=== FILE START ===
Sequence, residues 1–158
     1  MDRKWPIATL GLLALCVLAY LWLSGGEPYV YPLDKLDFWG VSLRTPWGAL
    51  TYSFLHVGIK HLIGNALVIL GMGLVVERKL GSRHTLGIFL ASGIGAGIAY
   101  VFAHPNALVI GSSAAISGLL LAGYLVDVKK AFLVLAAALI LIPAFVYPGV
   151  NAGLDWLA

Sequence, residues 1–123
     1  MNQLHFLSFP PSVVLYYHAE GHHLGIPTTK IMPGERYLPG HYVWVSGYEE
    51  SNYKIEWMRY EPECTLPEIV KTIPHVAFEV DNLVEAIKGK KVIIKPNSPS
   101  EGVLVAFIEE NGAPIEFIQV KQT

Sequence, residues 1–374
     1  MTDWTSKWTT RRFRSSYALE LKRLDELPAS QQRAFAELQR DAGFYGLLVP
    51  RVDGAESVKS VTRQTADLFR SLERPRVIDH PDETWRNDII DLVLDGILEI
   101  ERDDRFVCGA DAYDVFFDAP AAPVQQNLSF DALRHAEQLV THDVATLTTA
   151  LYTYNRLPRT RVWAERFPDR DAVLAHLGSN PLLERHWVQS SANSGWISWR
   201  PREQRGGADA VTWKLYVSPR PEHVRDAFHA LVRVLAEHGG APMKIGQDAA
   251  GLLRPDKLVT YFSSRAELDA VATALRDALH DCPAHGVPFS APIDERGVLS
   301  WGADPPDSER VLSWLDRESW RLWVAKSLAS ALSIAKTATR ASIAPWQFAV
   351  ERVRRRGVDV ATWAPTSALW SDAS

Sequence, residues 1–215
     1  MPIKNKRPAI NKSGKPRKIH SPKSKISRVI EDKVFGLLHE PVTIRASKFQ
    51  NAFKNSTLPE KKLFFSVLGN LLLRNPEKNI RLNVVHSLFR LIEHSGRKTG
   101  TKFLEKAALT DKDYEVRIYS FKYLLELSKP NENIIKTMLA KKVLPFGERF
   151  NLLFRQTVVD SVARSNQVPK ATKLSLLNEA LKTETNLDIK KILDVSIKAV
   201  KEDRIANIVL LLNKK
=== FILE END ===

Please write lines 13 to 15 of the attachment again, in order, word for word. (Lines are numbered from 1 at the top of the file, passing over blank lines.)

   101  ERDDRFVCGA DAYDVFFDAP AAPVQQNLSF DALRHAEQLV THDVATLTTA
   151  LYTYNRLPRT RVWAERFPDR DAVLAHLGSN PLLERHWVQS SANSGWISWR
   201  PREQRGGADA VTWKLYVSPR PEHVRDAFHA LVRVLAEHGG APMKIGQDAA